I’m not sure I breathed normally through the entire telling of this tale. That Grubb based it on a true story that occurred in his own hometown made it even more harrowing. I am not generally a fan of either murder thrillers or horror films, which probably explains why I never saw the classic movie made from this novel. Robert Mitchum was cast as the soulless Powell and, having seen him in Cape Fear, I had no problem imagining him in the role. I remember having a lot of trouble sleeping after seeing Cape Fear--I think Night of the Hunter might have the same effect. I believe this is the kind of book the word spine-chilling was invented for. ( )
  mattorsara | Aug 11, 2022 |
Although this is a review of the book Night of the Hunter by Davis Grubb, I can’t help but write about the 1955 movie that was made of this book. Robert Mitchum gave a chilling and haunting performance of the religious fanatic and malicious killer who will stop at nothing to get what he wants. This movie stayed very close to the book, and I certainly pictured Robert Mitchum throughout the read.

Posing as a prison chaplain, Harry Powell comes to the family after husband and father Ben Harper has been hung for robbery and murder. He is convinced that Ben told someone in the family where the bank money was hidden. He charms the widow and marries her but all too soon his attention turns to the children who he discovers know where the money is hidden.

Unfolding like a parable of good against evil, the tension mounts, the atmosphere gets darker and darker and the reader is in constant fear for these children. The story takes place in the 1930’s, a dark time in America which suits this story perfectly. The author uses this backdrop as he sets the children on the run with a monster trailing them.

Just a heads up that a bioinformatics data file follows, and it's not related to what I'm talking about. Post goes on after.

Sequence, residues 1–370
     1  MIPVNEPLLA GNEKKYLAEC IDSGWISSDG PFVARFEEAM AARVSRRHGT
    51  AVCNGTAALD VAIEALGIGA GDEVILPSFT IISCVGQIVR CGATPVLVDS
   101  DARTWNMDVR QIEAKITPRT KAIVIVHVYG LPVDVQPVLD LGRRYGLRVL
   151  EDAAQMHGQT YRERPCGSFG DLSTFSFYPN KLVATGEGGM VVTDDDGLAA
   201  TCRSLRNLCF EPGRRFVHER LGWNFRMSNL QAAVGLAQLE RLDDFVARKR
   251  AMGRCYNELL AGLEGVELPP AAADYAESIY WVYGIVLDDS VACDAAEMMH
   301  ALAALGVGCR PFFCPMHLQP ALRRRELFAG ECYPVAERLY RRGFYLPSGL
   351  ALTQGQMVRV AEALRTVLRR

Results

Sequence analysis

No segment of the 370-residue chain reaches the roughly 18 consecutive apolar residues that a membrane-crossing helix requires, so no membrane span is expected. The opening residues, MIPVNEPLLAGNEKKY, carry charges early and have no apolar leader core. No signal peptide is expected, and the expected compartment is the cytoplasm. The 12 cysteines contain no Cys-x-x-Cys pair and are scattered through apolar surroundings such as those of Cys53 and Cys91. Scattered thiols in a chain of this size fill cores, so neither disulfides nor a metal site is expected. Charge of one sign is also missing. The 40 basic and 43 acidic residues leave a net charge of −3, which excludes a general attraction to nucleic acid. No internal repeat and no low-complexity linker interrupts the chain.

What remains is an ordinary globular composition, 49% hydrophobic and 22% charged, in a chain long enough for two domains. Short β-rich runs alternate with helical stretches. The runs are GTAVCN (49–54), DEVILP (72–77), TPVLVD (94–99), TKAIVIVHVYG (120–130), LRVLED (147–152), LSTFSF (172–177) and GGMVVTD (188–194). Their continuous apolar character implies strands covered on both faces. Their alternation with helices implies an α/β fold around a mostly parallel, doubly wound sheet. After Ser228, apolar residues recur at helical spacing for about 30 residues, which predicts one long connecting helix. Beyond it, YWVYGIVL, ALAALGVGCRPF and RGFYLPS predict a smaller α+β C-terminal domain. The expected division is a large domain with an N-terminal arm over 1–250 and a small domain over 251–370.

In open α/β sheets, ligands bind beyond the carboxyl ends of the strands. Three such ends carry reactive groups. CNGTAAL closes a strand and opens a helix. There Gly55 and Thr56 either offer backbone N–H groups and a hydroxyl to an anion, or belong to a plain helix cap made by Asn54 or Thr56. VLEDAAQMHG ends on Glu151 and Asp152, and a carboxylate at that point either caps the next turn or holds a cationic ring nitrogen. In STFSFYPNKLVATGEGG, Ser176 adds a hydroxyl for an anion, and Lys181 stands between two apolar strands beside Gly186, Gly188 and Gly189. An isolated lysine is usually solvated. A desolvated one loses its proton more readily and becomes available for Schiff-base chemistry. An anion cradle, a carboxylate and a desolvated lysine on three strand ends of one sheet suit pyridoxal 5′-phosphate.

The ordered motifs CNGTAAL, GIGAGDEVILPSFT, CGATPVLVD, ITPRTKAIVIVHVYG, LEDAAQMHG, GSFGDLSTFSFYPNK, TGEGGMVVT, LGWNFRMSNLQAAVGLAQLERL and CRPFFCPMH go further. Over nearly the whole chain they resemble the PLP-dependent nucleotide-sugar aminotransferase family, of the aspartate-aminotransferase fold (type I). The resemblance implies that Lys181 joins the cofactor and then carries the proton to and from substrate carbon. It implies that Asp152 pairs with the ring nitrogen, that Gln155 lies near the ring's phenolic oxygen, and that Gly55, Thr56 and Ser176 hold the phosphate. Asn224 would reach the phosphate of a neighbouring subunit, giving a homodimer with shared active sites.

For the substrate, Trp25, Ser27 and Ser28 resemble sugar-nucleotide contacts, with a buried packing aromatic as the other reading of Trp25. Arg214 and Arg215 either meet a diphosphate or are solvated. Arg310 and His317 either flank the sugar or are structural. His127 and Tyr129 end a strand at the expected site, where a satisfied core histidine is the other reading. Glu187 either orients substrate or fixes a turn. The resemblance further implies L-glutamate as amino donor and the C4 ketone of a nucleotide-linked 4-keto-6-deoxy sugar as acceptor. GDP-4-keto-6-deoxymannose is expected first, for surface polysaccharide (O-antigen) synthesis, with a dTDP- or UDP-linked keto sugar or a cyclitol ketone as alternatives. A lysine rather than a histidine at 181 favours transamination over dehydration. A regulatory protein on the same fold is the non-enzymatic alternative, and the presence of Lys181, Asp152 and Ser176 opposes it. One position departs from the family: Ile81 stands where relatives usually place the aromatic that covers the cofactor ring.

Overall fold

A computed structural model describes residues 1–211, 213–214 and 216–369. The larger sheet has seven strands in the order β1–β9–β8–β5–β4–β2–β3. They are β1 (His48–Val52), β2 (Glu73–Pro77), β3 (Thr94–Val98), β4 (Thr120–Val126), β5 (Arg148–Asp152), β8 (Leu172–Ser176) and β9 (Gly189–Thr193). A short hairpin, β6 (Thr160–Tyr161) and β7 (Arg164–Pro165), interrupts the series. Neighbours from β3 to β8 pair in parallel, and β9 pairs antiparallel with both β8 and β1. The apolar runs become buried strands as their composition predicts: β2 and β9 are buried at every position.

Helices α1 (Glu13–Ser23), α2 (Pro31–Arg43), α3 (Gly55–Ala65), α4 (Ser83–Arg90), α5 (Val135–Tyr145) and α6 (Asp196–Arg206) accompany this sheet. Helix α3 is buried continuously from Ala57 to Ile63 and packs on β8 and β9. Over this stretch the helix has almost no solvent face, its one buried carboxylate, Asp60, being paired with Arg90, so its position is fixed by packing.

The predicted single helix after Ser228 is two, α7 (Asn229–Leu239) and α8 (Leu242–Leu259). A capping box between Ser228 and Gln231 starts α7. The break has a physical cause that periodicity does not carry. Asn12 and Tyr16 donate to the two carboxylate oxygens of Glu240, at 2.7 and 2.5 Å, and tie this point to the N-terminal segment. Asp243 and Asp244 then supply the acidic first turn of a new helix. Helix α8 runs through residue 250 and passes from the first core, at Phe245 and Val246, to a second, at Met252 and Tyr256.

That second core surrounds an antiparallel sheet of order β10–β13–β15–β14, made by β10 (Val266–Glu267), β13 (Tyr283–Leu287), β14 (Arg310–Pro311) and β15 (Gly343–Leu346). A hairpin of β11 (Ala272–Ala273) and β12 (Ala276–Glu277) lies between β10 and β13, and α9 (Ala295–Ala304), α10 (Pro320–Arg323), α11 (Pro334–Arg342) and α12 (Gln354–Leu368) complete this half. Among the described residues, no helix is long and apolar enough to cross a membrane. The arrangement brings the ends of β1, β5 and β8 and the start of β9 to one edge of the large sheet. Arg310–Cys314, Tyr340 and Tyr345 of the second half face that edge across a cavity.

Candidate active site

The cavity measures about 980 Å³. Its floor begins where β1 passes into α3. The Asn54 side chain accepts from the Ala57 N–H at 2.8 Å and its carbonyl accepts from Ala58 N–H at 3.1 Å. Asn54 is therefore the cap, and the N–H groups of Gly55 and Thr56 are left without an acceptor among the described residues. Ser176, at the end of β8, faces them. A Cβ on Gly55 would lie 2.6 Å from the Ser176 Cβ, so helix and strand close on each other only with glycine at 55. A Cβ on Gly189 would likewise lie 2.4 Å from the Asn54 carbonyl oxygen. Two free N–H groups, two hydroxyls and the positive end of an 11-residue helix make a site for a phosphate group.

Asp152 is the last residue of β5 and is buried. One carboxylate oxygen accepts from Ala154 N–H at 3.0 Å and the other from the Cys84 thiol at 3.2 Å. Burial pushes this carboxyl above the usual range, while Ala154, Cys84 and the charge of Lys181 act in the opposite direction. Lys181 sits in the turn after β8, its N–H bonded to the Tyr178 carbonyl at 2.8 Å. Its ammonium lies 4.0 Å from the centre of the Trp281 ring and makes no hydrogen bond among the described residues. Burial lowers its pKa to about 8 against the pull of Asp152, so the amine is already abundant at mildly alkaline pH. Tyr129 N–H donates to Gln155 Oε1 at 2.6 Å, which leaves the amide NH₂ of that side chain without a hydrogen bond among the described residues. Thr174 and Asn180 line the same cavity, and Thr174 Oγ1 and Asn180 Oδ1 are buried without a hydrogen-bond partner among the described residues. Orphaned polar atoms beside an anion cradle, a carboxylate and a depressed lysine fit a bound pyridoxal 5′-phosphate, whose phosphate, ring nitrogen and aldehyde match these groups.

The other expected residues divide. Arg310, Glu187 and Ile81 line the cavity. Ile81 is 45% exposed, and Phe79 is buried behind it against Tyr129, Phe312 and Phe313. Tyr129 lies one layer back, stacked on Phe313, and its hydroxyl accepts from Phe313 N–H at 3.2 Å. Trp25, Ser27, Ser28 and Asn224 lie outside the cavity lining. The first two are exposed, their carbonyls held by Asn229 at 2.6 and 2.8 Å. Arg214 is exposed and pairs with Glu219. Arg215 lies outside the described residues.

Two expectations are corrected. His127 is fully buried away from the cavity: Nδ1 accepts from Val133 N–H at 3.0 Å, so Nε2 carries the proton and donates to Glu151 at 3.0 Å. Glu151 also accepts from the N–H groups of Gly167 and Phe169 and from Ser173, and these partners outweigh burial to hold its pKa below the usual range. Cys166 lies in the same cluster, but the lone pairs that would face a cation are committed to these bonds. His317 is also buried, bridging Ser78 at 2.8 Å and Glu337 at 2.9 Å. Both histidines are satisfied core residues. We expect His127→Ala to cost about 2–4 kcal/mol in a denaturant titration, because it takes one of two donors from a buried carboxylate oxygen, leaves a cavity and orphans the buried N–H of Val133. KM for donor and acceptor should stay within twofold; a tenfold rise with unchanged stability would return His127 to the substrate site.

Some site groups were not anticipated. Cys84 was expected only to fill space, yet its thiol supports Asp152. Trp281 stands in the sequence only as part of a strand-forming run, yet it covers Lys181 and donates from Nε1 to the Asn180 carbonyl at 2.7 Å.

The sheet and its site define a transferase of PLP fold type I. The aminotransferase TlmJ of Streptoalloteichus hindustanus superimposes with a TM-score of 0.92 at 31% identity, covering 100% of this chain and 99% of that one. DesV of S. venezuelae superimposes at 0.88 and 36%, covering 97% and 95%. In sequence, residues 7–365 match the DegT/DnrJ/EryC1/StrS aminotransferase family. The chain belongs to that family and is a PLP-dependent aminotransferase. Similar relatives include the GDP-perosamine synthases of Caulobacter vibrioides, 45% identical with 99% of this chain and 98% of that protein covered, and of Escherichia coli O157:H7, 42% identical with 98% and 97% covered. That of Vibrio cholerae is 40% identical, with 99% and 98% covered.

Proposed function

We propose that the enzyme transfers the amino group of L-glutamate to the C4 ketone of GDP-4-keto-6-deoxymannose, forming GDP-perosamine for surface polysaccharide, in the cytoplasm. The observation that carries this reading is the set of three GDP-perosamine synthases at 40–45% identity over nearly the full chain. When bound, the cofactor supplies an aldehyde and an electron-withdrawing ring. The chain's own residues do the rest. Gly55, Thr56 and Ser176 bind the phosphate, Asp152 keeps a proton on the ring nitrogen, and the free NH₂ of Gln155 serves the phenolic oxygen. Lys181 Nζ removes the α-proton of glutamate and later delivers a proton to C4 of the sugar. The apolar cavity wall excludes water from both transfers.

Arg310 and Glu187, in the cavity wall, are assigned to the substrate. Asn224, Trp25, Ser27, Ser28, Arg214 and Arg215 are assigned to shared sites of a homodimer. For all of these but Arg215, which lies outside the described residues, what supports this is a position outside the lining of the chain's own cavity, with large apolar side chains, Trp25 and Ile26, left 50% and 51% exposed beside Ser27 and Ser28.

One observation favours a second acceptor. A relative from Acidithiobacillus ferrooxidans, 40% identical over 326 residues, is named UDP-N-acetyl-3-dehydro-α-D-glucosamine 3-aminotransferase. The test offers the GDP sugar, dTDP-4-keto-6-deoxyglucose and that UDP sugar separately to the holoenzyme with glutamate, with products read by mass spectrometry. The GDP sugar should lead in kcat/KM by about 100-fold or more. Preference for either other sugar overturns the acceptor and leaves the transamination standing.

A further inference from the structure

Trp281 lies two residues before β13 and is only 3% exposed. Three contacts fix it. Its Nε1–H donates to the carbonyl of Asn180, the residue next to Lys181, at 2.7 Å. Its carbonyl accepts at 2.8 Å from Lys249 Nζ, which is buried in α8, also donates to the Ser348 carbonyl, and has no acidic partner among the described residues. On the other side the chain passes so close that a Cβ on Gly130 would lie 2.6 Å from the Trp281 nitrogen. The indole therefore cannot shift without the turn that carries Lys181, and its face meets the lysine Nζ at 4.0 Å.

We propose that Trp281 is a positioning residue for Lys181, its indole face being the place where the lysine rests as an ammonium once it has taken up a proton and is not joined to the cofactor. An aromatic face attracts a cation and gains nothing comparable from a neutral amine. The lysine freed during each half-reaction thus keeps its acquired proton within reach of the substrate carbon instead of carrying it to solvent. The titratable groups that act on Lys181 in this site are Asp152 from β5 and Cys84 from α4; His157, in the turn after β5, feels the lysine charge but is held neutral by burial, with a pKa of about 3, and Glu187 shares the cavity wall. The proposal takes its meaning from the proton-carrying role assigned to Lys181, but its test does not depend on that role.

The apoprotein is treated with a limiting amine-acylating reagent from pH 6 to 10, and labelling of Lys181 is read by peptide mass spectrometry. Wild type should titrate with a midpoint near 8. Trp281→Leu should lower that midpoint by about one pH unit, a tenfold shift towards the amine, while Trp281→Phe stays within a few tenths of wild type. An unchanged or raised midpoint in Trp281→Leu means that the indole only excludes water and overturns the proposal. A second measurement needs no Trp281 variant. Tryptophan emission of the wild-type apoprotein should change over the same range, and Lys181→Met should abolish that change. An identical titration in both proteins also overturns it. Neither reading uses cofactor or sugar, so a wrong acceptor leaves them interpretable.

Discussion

This noir thriller really took a hold of me and I was totally captivated. The author’s almost biblical prose, the shadowed atmosphere, and the deliberate characterizations make this “lambs being hunted by a wolf” story creepy, stylish and a great read. ( )
  DeltaQueen50 | Jun 25, 2017 |
I read this book a long time ago and thought it was excellent. I believe it stands the test of time. I also so the movie starring Robert Mitchum and Shelley Winters. A TV version was made in the 80s I believe, it wasn't bad, but not as good as the first movie. ( )
1 vote Judy_Ryfinski | Jan 20, 2016 |
I read this book a long time ago and thought it was excellent. I believe it stands the test of time. I also so the movie starring Robert Mitchum and Shelley Winters. A TV version was made in the 80s I believe, it wasn't bad, but not as good as the first movie. ( )
1 vote Judy_Ryfinski | Jan 20, 2016 |
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Epigraph
Wilt thou forgive that sinne by which I'have wonne
Others to sinne? and, made by sinne their door?

John Donne
Dedication
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A child's hand and a piece of chalk had made it
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(Click to show. Warning: May contain spoilers.)
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The bestselling, National Book Award-finalist novel that inspired Charles Laughton's expressionist horror classic starring Robert Mitchum and Shelley Winters.   Two young children, Pearl and John Harper, are being raised alone by their mother in Cresap's Landing, Ohio. Their father Ben has just been executed for killing two men in the course of an armed robbery. Ben never told anyone where he hid the ten thousand dollars he sto≤ not his widow Willa, not his lawyer, nor his cell-mate Henry "Preacher" Powell. But Preacher, with his long history of charming his way into widows' hearts and lives, has an inkling that Ben's money could be within his reach. As soon as he is free, Preacher makes his way up the river to visit the Harper family where--he hopes--a little child shall lead him to the fortune that he seeks.   Foreword by JULIA KELLER